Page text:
Chemistry, Issue 93, glycoprotein, glycosylation, in-gel reductive β-elimination, O-linked glycan, sulfated glycan, mass spectrometry, protein ID, SDS-PAGE, glycomics, sulfoglycomics
51840
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Murine Model for Non-invasive Imaging to Detect and Monitor Ovarian Cancer Recurrence
Authors: Natalia J. Sumi, Eydis Lima, John Pizzonia, Sean P. Orton, Vinicius Craveiro, Wonduk Joo, Jennie C. Holmberg, Marta Gurrea, Yang Yang-Hartwich, Ayesha Alvero, Gil Mor.
Institutions: Yale University School of Medicine, NatureMost Laboratories, Bruker Preclinical Imaging.
Epithelial ovarian cancer is the most lethal gynecologic malignancy in the United States. Although patients initially respond to the current standard of care consisting of surgical debulking and combination chemotherapy consisting of platinum and taxane compounds, almost 90% of patients recur within a few years. In these patients the development of chemoresistant disease limits the efficacy of currently available chemotherapy agents and therefore contributes to the high mortality. To discover novel therapy options that can target recurrent disease, appropriate animal models that closely mimic the clinical profile of patients with recurrent ovarian cancer are required. The challenge in monitoring intra-peritoneal (i.p.) disease limits the use of i.p. models and thus most xenografts are established subcutaneously. We have developed a sensitive optical imaging platform that allows the detection and anatomical location of i.p. tumor mass. The platform includes the use of optical reporters that extend from the visible light range to near infrared, which in combination with 2-dimensional X-ray co-registration can provide anatomical location of molecular signals. Detection is significantly improved by the use of a rotation system that drives the animal to multiple angular positions for 360 degree imaging, allowing the identification of tumors that are not visible in single orientation. This platform provides a unique model to non-invasively monitor tumor growth and evaluate the efficacy of new therapies for the prevention or treatment of recurrent ovarian cancer.
Cancer Biology, Issue 93, ovarian cancer, recurrence, in vivo imaging, tumor burden, cancer stem cells, chemotherapy
51815
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Adaptation of Semiautomated Circulating Tumor Cell (CTC) Assays for Clinical and Preclinical Research Applications
Authors: Lori E. Lowes, Benjamin D. Hedley, Michael Keeney, Alison L. Allan.
Institutions: London Health Sciences Centre, Western University, London Health Sciences Centre, Lawson Health Research Institute, Western University.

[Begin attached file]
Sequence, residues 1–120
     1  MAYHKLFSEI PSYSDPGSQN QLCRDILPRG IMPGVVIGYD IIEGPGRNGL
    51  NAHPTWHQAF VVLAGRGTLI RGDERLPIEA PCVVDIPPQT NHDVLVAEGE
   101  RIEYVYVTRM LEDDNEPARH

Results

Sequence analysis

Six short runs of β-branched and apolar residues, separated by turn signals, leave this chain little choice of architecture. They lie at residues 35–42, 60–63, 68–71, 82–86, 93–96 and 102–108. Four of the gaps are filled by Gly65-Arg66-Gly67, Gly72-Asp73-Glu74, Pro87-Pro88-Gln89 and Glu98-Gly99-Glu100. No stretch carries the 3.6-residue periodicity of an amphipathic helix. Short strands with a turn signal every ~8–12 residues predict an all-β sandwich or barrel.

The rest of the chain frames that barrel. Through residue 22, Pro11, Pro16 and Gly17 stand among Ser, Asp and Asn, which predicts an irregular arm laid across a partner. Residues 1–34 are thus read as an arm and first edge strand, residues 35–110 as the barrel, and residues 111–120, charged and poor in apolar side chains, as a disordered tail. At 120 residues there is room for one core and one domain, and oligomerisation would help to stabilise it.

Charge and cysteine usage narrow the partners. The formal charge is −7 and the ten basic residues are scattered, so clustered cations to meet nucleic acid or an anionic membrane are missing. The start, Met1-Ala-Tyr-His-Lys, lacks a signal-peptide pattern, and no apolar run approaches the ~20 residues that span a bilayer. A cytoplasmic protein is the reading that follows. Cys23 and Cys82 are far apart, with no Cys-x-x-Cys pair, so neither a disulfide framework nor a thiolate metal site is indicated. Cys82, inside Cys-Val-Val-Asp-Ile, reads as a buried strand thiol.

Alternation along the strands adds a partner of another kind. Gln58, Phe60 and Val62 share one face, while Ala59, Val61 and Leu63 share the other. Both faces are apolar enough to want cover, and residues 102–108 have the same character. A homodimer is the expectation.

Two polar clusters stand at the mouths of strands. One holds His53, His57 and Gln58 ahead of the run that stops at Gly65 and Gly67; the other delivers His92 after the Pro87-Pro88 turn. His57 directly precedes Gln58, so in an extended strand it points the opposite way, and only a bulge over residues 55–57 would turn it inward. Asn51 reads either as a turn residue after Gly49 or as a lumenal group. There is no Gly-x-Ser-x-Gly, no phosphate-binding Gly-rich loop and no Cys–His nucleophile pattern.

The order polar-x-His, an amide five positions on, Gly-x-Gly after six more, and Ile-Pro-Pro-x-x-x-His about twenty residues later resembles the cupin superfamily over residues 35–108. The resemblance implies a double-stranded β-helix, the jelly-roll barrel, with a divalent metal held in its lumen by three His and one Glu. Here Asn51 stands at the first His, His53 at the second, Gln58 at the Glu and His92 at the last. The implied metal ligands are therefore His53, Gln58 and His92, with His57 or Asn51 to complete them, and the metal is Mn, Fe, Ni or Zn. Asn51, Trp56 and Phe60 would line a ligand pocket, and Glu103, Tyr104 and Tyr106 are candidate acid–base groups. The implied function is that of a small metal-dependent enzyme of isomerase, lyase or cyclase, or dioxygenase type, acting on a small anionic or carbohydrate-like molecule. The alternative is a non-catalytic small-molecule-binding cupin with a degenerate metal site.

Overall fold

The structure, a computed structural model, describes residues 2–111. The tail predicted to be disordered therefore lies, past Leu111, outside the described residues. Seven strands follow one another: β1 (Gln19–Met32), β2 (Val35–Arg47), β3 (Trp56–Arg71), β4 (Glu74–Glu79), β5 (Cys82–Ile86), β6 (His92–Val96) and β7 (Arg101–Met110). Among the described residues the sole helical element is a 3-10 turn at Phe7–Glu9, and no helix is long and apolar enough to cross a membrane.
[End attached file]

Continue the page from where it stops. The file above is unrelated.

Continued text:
The majority of cancer-related deaths occur subsequent to the development of metastatic disease. This highly lethal disease stage is associated with the presence of circulating tumor cells (CTCs). These rare cells have been demonstrated to be of clinical significance in metastatic breast, prostate, and colorectal cancers. The current gold standard in clinical CTC detection and enumeration is the FDA-cleared CellSearch system (CSS). This manuscript outlines the standard protocol utilized by this platform as well as two additional adapted protocols that describe the detailed process of user-defined marker optimization for protein characterization of patient CTCs and a comparable protocol for CTC capture in very low volumes of blood, using standard CSS reagents, for studying in vivo preclinical mouse models of metastasis. In addition, differences in CTC quality between healthy donor blood spiked with cells from tissue culture versus patient blood samples are highlighted. Finally, several commonly discrepant items that can lead to CTC misclassification errors are outlined. Taken together, these protocols will provide a useful resource for users of this platform interested in preclinical and clinical research pertaining to metastasis and CTCs.
Medicine, Issue 84, Metastasis, circulating tumor cells (CTCs), CellSearch system, user defined marker characterization, in vivo, preclinical mouse model, clinical research
51248
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Induction of Invasive Transitional Cell Bladder Carcinoma in Immune Intact Human MUC1 Transgenic Mice: A Model for Immunotherapy Development
Authors: Daniel P. Vang, Gregory T. Wurz, Stephen M. Griffey, Chiao-Jung Kao, Audrey M. Gutierrez, Gregory K. Hanson, Michael Wolf, Michael W. DeGregorio.
Institutions: University of California, Davis, University of California, Davis, Merck KGaA, Darmstadt, Germany.